MELDRIM TO DELIVER MEMORIAL DAY ADDRESS

            BRUNSWICK, April 18.—General Peter W. Meldrim, of Savannah, has accepted an invitation to deliver the Memorial day address in Brunswick next Sunday, and an interesting program has been arranged for the observance of the day.  Instead of observing Monday as Memorial day, the exercises will be held Sunday afternoon.  The parade will be participated in by the band and all the military of the city.  After the exercises at the opera house, the parade will again form and continue to Oak Grove cemetery, where the usual salute will be fired over the graves of the dead Confederate soldiers.

 

 

The Macon Daily Telegraph; Sunday 19 April 1914

Pg. 3 col. 2

MELDRIM TO DELIVER MEMORIAL DAY ADDRESS

            BRUNSWICK, April 18.—General Peter W. Meldrim, of Savannah, has accepted an invitation to deliver the Memorial day address in Brunswick next Sunday, and an interesting program has been arranged for the observance of the day.  Instead of observing Monday as Memorial day, the exercises will be held Sunday afternoon.  The parade will be participated in by the band and all the military of the city.  After the exercises at the opera house, the parade will again form and continue to Oak Grove cemetery, where the usual salute will be fired over the graves of the dead Confederate soldiers.

 

 

The Atlanta Constitution; Thursday 19 November 1914; pg. 2 col. 6

MRS. LUCY C. CARNEGIE VERY ILL AT DUNGENESS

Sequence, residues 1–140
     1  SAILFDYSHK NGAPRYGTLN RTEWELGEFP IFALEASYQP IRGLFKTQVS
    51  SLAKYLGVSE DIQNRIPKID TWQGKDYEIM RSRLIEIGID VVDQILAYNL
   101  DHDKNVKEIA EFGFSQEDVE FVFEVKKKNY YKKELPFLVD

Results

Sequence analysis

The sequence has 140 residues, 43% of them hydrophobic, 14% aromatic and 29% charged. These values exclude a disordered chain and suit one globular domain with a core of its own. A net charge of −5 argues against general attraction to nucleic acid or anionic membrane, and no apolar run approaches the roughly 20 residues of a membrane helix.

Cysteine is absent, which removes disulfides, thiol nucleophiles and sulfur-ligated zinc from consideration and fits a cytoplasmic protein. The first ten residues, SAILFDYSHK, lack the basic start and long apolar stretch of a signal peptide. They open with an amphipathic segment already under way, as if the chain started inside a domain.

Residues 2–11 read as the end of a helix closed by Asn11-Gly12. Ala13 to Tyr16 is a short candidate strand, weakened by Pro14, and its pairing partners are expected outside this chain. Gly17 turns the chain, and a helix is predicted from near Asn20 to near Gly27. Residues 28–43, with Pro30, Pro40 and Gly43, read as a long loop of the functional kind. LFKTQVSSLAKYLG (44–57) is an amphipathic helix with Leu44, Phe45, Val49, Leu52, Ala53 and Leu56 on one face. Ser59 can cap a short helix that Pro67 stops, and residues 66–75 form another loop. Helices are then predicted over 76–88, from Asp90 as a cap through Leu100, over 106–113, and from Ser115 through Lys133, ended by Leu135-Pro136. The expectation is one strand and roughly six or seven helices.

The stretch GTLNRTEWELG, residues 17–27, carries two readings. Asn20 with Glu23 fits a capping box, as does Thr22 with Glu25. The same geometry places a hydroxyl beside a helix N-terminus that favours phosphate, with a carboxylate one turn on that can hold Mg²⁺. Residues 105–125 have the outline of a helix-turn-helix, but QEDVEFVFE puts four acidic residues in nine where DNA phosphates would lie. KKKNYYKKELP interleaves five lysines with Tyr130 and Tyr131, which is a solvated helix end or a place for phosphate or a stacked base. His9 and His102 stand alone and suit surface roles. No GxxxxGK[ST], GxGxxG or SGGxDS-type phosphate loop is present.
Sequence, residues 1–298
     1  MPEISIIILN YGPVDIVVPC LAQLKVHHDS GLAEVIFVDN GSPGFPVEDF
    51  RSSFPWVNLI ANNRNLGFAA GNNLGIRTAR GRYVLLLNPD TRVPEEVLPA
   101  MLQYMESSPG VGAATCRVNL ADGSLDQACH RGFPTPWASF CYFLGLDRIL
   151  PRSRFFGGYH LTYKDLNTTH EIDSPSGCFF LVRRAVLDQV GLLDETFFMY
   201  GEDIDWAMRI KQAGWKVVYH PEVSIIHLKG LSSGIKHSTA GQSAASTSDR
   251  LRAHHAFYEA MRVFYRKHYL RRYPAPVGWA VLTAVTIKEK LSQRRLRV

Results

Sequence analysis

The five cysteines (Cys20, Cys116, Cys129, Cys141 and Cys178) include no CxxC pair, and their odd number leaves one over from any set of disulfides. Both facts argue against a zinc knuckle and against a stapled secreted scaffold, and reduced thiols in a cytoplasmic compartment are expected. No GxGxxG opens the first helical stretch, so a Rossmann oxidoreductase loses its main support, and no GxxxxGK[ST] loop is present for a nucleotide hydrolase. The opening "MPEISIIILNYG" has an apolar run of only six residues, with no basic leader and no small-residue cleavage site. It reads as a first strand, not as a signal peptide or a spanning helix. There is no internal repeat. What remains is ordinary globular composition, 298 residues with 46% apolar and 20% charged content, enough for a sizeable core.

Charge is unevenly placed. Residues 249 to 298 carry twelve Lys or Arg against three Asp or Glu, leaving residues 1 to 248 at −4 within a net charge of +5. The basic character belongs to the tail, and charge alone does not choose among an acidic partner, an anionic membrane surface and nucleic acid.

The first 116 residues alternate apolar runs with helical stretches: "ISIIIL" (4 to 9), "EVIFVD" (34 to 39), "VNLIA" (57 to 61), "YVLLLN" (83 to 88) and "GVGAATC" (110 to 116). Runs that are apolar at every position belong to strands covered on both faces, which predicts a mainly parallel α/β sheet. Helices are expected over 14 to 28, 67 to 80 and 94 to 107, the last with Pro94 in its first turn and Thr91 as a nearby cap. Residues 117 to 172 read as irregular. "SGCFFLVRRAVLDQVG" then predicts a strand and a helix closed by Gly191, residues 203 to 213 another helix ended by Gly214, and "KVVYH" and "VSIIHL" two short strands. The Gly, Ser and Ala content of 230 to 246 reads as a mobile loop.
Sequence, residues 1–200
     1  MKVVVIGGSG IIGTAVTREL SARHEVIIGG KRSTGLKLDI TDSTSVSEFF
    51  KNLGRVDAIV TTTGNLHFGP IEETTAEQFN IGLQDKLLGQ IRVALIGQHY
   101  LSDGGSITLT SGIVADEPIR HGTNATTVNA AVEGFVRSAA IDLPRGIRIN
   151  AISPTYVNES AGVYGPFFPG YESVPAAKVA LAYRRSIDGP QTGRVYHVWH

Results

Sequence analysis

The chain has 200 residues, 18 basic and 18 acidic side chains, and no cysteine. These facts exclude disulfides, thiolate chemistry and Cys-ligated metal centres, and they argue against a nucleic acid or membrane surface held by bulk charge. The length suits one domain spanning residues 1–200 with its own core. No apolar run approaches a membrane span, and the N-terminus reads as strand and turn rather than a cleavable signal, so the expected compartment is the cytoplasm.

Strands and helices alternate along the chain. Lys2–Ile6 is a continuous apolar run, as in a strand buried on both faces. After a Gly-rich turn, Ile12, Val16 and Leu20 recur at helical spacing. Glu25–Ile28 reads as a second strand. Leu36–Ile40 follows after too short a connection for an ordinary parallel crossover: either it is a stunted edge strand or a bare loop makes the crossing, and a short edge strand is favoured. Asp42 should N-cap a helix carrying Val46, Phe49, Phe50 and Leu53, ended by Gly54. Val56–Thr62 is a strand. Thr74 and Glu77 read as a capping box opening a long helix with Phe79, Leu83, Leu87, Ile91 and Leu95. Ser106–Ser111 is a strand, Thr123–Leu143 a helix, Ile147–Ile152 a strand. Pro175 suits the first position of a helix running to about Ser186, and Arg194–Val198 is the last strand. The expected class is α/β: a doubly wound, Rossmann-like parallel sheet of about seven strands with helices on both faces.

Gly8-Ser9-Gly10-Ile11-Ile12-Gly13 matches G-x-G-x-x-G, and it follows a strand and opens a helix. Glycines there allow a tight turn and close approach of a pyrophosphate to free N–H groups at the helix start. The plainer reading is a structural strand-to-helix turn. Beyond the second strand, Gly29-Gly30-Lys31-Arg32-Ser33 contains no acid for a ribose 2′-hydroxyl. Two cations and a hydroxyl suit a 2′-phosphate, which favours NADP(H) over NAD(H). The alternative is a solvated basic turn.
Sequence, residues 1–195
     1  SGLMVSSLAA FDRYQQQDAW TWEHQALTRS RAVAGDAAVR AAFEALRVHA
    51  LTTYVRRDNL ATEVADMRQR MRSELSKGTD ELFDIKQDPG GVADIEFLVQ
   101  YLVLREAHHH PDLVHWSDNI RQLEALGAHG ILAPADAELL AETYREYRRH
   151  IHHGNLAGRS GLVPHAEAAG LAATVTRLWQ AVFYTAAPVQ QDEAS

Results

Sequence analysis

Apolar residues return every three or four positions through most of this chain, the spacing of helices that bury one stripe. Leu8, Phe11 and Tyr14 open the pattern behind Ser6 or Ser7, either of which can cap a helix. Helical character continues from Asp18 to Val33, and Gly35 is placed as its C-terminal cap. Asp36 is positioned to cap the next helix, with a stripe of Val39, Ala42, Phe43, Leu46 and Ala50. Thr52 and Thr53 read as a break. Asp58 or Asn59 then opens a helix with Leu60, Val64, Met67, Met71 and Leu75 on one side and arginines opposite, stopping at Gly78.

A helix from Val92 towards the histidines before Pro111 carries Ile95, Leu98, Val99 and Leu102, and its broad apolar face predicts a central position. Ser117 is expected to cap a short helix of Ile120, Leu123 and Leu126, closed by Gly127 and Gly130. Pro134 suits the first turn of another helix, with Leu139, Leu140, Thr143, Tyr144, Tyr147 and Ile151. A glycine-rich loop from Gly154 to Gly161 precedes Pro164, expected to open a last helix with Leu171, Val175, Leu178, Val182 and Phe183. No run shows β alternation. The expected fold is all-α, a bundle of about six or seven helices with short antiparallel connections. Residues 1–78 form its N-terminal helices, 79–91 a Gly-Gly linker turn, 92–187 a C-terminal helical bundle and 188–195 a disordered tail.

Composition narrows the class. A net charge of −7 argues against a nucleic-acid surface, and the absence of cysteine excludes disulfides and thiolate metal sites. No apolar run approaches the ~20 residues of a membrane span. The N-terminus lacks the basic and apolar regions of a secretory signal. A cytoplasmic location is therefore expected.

Jacksonville, Fla., November 18.--Mrs. Lucy C. Carnegie is reported to be seriously ill at Dungeness, Andrew Carnegie's winter home near Fernandina.  Andrew Carnegie II, her son, and other relatives reached Fernandina from New York by special train early today.  Mrs. Carnegie is the mother of Thomas Morrison Carnegie of New York, a trustee of the Carnegie Foundation.

 

 

The Atlanta Constitution; Thursday 7 January 1915; pg. 1 col. 1

SIX BELIEVE DROWNED—No Hope for Crew of Brunswick Tug.

            Brunswick, Ga., January 6—Hope for the safety of any of the six members of the crew of the tug Rambler, wrecked off Cumberland island near here Monday during a heavy sea, were abandoned tonight.
            The bodies of the two negro crew members were found on the beach today, together with portions of the clothing of the four white men.  Wreckage was strewn for two miles along the coast.
            The Rambler was wrecked after going aground and while the crew was waiting for high tide to float the vessel.
            The missing and dead include Harry Ingram, captain; Carlos U. Dart, engineer; George Bell, fireman; Charles Segui, fisherman; Henry Roberts, negro deck hand, and Dave Smith, negro cook.

 

 

The Macon Daily Telegraph; Monday 8 March 1915

Pg. 1 col. 2 & pg. 5 cols. 6 & 7

SEVENTH MAN DEAD OF SHOT WOUNDS; DEAD BEING BURIED—Ernest McDonald Latest Victim of Phillips—GUNNER TOLNAS IS BETTER—Bank Clerk Now Has Chance to Recover—DUNWODY IS NOT BURIED—Prominent Men Arrive to Attend the Funeral—MINEHAN SHOT PHILLIPS—New Feature of the Shooting at Brunswick is the Fact That Pistol Ball is Found in Body of Monroe Phillips, Fired by Young Clerk.

            BRUNSWICK, March 7,--Brunswick people began to realize this morning the awful extent of yesterday’s frightful tragedy in which seven human lives were snuffed out in as many minutes.  Terror stricken and under great excitement the awfulness of this horrible affair did not dawn upon the people of this city until hearses began to pass through public streets and avenues carrying to their last resting places those of Brunswick’s dead who lost their lives only a few hours before.